Lockwood Marches On: Chapter Three, The Lockwood Manufacturing Company 1910 to 1931

Note: The following is a republished excerpt from the Lockwood Hardware Manufacturing Company’s Lockwood – The story of its past, the basis for its future. Published in 1953, and based almost entirely off of literature produced for Lockwood’s 1952 sales convention, it recounts the history of the Lockwood Hardware Manufacturing Company from 1834 until 1952.

By 1953, the Lockwood Hardware Manufacturing Company, then a division of the Independent Lock Company with both being headquartered in Fitchburg, Massachusetts, fielded branch offices in New York City, Philadelphia, Baltimore, Chicago, and Selma, Alabama along with five manufacturing plants in Fitchburg and one in Selma.

We have made no changes to this excerpt and what you see is exactly how it was printed in 1953, albeit in a different medium.

Chapter Three, The Lockwood Manufacturing Company 1910 to 1931

IN THIS CHAPTER is recorded the real rise and fall of the old Lock Company as a factor in the builders’ hardware field of the period from 1910 to 1931. Like the old Nashua Lock Company reported in Chapter One, Lockwood Manufacturing Company of South Norwalk, Conn., had its successes and, in later years, its disappointments and final sale to a stronger organization.

By 1910, Lockwood was well established in the builders’ hardware industry. The extensive line, then being marketed, can be well visualized when we find, in the year 1814, a new catalog being published having over 700 pages. While it is probably true, stock hardware sales was the predominating part of the business, it is also true, Lockwood had become very much of a factor in the contract field. In those days, it was customary for manufacturers and distributors alike to maintain a fine sample room. When a large contract was to be let, the factory provided huge trunks of hardware samples to be displayed.

Unfortunately, many of the early records of contract jobs were not preserved, or if so, they were not transferred to the Independent Lock Company. From what meager information we do have, however, we know that Lockwood hardware was supplied on some of the outstanding buildings in the country during this period, many of which are still standing. Some of them were:

THE AUDITORIUM, Los Angeles, California
U.S. POST OFFICE & COURT HOUSE, Los Angeles, California
HIGH SCHOOL BUILDING, Sacramento, California
ST. FRANCIS HOTEL, San Francisco, California
U.S. TREASURY BUILDING, San Francisco, California
THE PENINSULA HOTEL, San Mateo, California
THE HAMILTON HOTEL, Washington D.C.
MASONIC TEMPLE, Jacksonville, Florida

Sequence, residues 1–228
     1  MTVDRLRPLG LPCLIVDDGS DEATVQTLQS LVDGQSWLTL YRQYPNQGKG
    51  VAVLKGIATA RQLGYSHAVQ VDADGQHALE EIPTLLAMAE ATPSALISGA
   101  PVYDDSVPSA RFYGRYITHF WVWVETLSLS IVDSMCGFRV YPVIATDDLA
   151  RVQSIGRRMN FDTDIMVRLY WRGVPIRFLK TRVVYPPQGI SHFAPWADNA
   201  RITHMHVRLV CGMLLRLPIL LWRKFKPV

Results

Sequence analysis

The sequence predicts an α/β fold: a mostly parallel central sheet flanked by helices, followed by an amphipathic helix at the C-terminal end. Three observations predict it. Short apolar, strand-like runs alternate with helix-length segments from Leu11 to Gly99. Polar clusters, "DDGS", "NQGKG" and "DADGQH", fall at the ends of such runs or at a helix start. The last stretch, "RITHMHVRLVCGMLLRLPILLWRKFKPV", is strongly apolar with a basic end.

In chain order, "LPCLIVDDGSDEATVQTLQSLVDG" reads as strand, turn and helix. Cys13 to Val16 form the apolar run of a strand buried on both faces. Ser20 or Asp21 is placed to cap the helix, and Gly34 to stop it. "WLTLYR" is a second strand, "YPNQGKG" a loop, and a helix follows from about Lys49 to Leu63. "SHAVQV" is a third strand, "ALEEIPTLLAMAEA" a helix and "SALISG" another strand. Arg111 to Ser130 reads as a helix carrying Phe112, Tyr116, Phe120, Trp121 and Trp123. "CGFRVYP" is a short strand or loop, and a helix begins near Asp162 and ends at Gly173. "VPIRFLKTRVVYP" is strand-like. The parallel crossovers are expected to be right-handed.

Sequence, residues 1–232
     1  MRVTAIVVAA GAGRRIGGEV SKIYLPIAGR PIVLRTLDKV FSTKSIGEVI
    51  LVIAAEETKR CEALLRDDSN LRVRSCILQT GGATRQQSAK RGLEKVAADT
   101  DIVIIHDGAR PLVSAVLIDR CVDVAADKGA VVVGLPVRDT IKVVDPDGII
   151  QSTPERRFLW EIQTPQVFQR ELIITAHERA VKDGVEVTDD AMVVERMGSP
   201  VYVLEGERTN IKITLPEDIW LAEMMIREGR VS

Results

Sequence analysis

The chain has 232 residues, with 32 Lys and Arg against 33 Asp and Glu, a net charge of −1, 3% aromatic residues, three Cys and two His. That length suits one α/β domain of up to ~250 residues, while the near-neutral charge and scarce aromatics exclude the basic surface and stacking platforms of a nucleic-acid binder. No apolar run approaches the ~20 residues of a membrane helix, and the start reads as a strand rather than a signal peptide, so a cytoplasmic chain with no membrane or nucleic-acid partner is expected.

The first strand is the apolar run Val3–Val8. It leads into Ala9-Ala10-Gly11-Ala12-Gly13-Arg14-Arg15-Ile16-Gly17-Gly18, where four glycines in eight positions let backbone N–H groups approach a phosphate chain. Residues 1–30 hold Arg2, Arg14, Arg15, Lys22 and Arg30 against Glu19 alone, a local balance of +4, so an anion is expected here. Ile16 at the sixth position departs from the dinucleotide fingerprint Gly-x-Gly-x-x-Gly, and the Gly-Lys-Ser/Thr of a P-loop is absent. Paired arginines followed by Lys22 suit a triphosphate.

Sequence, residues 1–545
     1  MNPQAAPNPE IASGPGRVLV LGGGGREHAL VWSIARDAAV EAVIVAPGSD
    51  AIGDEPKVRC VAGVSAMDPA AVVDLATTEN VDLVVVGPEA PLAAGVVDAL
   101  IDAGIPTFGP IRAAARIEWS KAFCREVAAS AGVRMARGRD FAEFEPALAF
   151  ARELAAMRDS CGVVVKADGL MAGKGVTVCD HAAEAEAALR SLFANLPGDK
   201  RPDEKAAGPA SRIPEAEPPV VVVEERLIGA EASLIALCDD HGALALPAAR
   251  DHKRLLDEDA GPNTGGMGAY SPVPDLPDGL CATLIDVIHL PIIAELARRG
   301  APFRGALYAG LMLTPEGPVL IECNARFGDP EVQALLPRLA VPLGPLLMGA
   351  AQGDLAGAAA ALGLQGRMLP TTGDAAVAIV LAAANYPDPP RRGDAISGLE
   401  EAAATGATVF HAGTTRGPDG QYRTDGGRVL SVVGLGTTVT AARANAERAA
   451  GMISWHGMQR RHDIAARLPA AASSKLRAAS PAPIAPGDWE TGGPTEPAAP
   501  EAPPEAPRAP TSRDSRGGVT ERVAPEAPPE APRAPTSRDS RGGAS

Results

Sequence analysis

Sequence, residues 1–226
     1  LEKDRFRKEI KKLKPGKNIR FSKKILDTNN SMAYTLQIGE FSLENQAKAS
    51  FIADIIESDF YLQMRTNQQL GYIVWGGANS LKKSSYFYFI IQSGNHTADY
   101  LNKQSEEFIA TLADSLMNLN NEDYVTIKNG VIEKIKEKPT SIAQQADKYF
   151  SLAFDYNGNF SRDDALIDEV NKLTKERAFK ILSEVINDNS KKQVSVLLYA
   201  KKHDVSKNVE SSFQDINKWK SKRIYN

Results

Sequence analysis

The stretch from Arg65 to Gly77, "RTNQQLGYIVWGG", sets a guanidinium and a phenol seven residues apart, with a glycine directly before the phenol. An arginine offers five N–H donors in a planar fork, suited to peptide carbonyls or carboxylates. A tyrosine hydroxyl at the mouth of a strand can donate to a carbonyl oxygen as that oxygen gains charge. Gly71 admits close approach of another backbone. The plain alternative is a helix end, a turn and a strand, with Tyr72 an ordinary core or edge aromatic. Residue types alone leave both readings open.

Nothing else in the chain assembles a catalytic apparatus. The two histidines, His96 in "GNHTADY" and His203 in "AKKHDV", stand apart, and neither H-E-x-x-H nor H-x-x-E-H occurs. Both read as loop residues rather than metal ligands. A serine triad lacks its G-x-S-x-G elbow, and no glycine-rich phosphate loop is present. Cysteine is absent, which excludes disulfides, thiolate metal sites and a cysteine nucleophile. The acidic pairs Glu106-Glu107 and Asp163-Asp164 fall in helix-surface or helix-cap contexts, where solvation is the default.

ST. PAUL’S EPISCOPAL CHURCH, Atlanta, Georgia
ROCHAMBEAU APARTMENTS, Baltimore, Maryland
THE SOUTHERN HOTEL, Baltimore, Maryland
HORTICULTURAL HALL, Boston, Massachusetts
TECHNOLOGY CHAMBERS, Boston, Massachusetts
THE AUDITORIUM, St. Paul, Minnesota
FIRST PRESBYTERIAN CHURCH, Kansas City, Missouri
VICTOR BUILDING, Kansas City, Missouri
STATE SAVINGS BANK BUILDING, Butte, Montana
THE STATE CAPITOL, Albany, New York
ST. GEORGE HOTEL, Brooklyn, New York
71st REGIMENT ARMORY, New York, New York
THE WORLD’S TOWER BUILDING, New York, New York
HOTEL SYRACUSE, Syracuse, New York
U.S. POST OFFICE BUILDING, Dayton, Ohio
STOCK EXCHANGE, Philadelphia, Pennsylvania
Y.M.C.A., Philadelphia, Pennsylvania
PUBLIC LIBRARY, Salt Lake City, Utah
RANDOLPH – MACON WOMEN’S COLLEGE, Lynchburg, Virginia

Many of the buildings on which Lockwood hardware was used were Government buildings. In this field, Lockwood earned an outstanding reputation as.a supplier of finishing hardware for post offices all over the United States.

That Lockwood excelled in fine craftsmanship is evidenced by a special cast design bearing the seal of the State of New York and supplied for the additions to the State Capitol in Albany, during the early part of this period. Since the close of World War II, the old capitol building has been completely remodeled and again Lockwood was called upon to reproduce this same design with the same degree of skill and workmanship evident in the earlier product.

Lockwood Manufacturing Company plant

Lockwood Manufacturing Company plant at South Norwalk, Conn. From a wood cut in the 700 page Lockwood catalog of 1914.

Truly a red letter day of this era was the opening of the Holland Tunnel, built during the latter part of the period. A large advertisement, appearing in the New York Times of that day, proclaimed the fact to all the world that it was equipped with Lockwood hardware. Lockwood Hardware was installed on the Atlantic Refining Company office building in Philadelphia, and their service stations from Maine to Florida, during this period. The Kelley Springfield Plant at Cumberland, Maryland, was also Lockwood equipped.

From the beginning of the Lockwood Manufacturing Company in 1888 until his death in 1926, Henry Lockwood was the motivating force behind it’s growth and development. When Henry Lockwood spoke, it was done. Every morning he made a tour of the factory, visiting every department. With Henry Lockwood’s passing there came a period of inertia, then decline, much the same as we found in the Nashua Lock Company one half century before. Though new blood was brought into the company, it was too late. The die was cast. For the second time we find the business being surrendered to others.

Lockwood Hardware for New York State Capitol.

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